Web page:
While trying to compute eigenvalues and eigenvectors of **several** matrices in parallel, I found that LAPACKs dsyevr function does not seem to be thread safe.

- Is this known to anyone?
- Is there something wrong with my code? (see minimal example below)
- Any suggestions of an eigensolver implementation for dense matrices that is not too slow and is definitely thread safe is welcome.

Here is a minimal code example in C which demonstrates the problem:

```
#include <stdlib.h>
#include <stdio.h>
#include <string.h>
#include <math.h>
#include <assert.h>
#include <omp.h>
#include "lapacke.h"
#define M 8 /* number of matrices to be diagonalized */
#define N 1000 /* size of each matrix (real, symmetric) */
typedef double vec_t[N]; /* type for length N vector */
typedef double mtx_t[N][N]; /* type for N x N matrices */
void
init(int m, int n, mtx_t *A){
/* init m symmetric n x x matrices */
srand(0);
for (int i = 0; i < m; ++i){
for (int j = 0; j < n; ++j){
for (int k = 0; k <= j; ++k){
A[i][j][k] = A[i][k][j] = (rand()%100-50) / (double)100.;
}
}
}
}
void
solve(int n, double *A, double *E, double *Q){
/* diagonalize one matrix */
double tol = 0.;
int *isuppz = malloc(2*n*sizeof(int)); assert(isuppz);
int k;
int info = LAPACKE_dsyevr(LAPACK_COL_MAJOR, 'V', 'A', 'L',
n, A, n, 0., 0., 0, 0, tol, &k, E, Q, n, isuppz);
assert(!info);
free(isuppz);
}
void
s_solve(int m, int n, mtx_t *A, vec_t *E, mtx_t *Q){
/* serial solve */
for (int i = 0; i < m; ++i){
solve(n, (double *)A[i], (double *)E[i], (double *)Q[i]);
}
}
void
p_solve(int m, int n, mtx_t *A, vec_t *E, mtx_t *Q, int nt){
/* parallel solve */
int i;
#pragma omp parallel for schedule(static) num_threads(nt) \
private(i) \
shared(m, n, A, E, Q)
for (i = 0; i < m; ++i){
solve(n, (double *)A[i], (double *)E[i], (double *)Q[i]);
}
}
void
analyze_results(int m, int n, vec_t *E0, vec_t *E1, mtx_t *Q0, mtx_t *Q1){
/* compare eigenvalues */
printf("\nmax. abs. diff. of eigenvalues:\n");
for (int i = 0; i < m; ++i){
double t, dE = 0.;
for (int j = 0; j < n; ++j){
t = fabs(E0[i][j] - E1[i][j]);
if (t > dE) dE = t;
}
printf("%i: %5.1e\n", i, dE);
}
/* compare eigenvectors (ignoring sign) */
printf("\nmax. abs. diff. of eigenvectors (ignoring sign):\n");
for (int i = 0; i < m; ++i){
double t, dQ = 0.;
for (int j = 0; j < n; ++j){
for (int k = 0; k < n; ++k){
t = fabs(fabs(Q0[i][j][k]) - fabs(Q1[i][j][k]));
if (t > dQ) dQ = t;
}
}
printf("%i: %5.1e\n", i, dQ);
}
}
int main(void){
mtx_t *A = malloc(M*N*N*sizeof(double)); assert(A);
init(M, N, A);
/* allocate space for matrices, eigenvalues and eigenvectors */
mtx_t *s_A = malloc(M*N*N*sizeof(double)); assert(s_A);
vec_t *s_E = malloc(M*N*sizeof(double)); assert(s_E);
mtx_t *s_Q = malloc(M*N*N*sizeof(double)); assert(s_Q);
/* copy initial matrix */
memcpy(s_A, A, M*N*N*sizeof(double));
/* solve serial */
s_solve(M, N, s_A, s_E, s_Q);
/* allocate space for matrices, eigenvalues and eigenvectors */
mtx_t *p_A = malloc(M*N*N*sizeof(double)); assert(p_A);
vec_t *p_E = malloc(M*N*sizeof(double)); assert(p_E);
mtx_t *p_Q = malloc(M*N*N*sizeof(double)); assert(p_Q);
/* copy initial matrix */
memcpy(p_A, A, M*N*N*sizeof(double));
/* use one thread, to check that the algorithm is deterministic */
p_solve(M, N, p_A, p_E, p_Q, 1);
analyze_results(M, N, s_E, p_E, s_Q, p_Q);
/* copy initial matrix */
memcpy(p_A, A, M*N*N*sizeof(double));
/* use several threads, and see what happens */
p_solve(M, N, p_A, p_E, p_Q, 4);
analyze_results(M, N, s_E, p_E, s_Q, p_Q);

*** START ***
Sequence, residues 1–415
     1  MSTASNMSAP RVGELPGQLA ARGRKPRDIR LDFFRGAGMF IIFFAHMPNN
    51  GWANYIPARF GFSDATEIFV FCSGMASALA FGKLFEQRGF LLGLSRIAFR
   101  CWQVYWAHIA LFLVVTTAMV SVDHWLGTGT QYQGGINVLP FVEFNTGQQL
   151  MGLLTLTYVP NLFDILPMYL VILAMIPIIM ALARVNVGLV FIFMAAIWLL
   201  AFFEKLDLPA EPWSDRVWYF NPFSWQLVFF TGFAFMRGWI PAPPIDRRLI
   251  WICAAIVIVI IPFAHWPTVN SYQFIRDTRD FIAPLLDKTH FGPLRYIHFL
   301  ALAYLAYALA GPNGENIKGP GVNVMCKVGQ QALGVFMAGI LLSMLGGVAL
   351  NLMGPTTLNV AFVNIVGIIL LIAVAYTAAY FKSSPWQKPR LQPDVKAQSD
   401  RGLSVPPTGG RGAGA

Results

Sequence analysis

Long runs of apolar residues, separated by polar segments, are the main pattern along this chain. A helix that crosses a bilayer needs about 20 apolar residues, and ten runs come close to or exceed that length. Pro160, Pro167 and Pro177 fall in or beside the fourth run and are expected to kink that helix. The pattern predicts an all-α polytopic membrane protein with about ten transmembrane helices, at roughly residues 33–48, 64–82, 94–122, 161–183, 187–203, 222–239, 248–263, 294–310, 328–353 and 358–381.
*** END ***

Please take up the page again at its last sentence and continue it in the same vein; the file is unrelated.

free(A);
free(s_A);
free(s_E);
free(s_Q);
free(p_A);
free(p_E);
free(p_Q);
return 0;
}
```

and this is what you get (see difference in last output block, which tells you, that the eigenvectors are wrong, although eigenvalues are ok):

```
max. abs. diff. of eigenvalues:
0: 0.0e+00
1: 0.0e+00
2: 0.0e+00
3: 0.0e+00
4: 0.0e+00
5: 0.0e+00
6: 0.0e+00
7: 0.0e+00
max. abs. diff. of eigenvectors (ignoring sign):
0: 0.0e+00
1: 0.0e+00
2: 0.0e+00
3: 0.0e+00
4: 0.0e+00
5: 0.0e+00
6: 0.0e+00
7: 0.0e+00
max. abs. diff. of eigenvalues:
0: 0.0e+00
1: 0.0e+00
2: 0.0e+00
3: 0.0e+00
4: 0.0e+00
5: 0.0e+00
6: 0.0e+00
7: 0.0e+00
max. abs. diff. of eigenvectors (ignoring sign):
0: 0.0e+00
1: 1.2e-01
2: 1.6e-01
3: 1.4e-01
4: 2.3e-01
5: 1.8e-01
6: 2.6e-01
7: 2.6e-01
```

The code was compiled with gcc 4.4.5 and linked against openblas (containing LAPACK) (libopenblas_sandybridge-r0.2.8.so) but was also tested with another LAPACK version. Calling LAPACK directly from C (without LAPACKE) was also tested, same results. Substituting `dsyevr`

by the `dsyevd`

function (and adjusting arguments) did also have no effect.

Finally, here is the compilation instruction I used:

```
gcc -std=c99 -fopenmp -L/path/to/openblas/lib -Wl,-R/path/to/openblas/lib/ \
-lopenblas -lgomp -I/path/to/openblas/include main.c -o main
```

Unfortunately google did not answer my questions, so any hint is welcome!

**EDIT:**
To make sure, that everything is ok with the BLAS and LAPACK versions I took the reference LAPACK (including BLAS and LAPACKE) from http://www.netlib.org/lapack/ (version 3.4.2)
Compiling the example code was a bit tricky, but did finally work with separate compiling and linking:

```
gcc -c -std=c99 -fopenmp -I../lapack-3.4.2/lapacke/include \
netlib_dsyevr.c -o netlib_main.o
gfortran netlib_main.o ../lapack-3.4.2/liblapacke.a \
../lapack-3.4.2/liblapack.a ../lapack-3.4.2/librefblas.a \
-lgomp -o netlib_main
```

The build of the netlib LAPACK/BLAS and the example program was done on a `Darwin 12.4.0 x86_64`

and a `Linux 3.2.0-0.bpo.4-amd64 x86_64`

platform. Consistent misbehavior of the program can be observed.

`malloc`

statements and change the header file to`mkl_lapacke.h`

... – Stefan Aug 15 '13 at 13:18`icpc`

complained about assigning a`void`

pointer to a pointer of another type. So I had to add e.g.`(int*)`

to the`malloc`

in`solve`

. The numerical errors occur only for the parallel part. The sequential part gives exactly zero for all results. – Stefan Aug 19 '13 at 7:44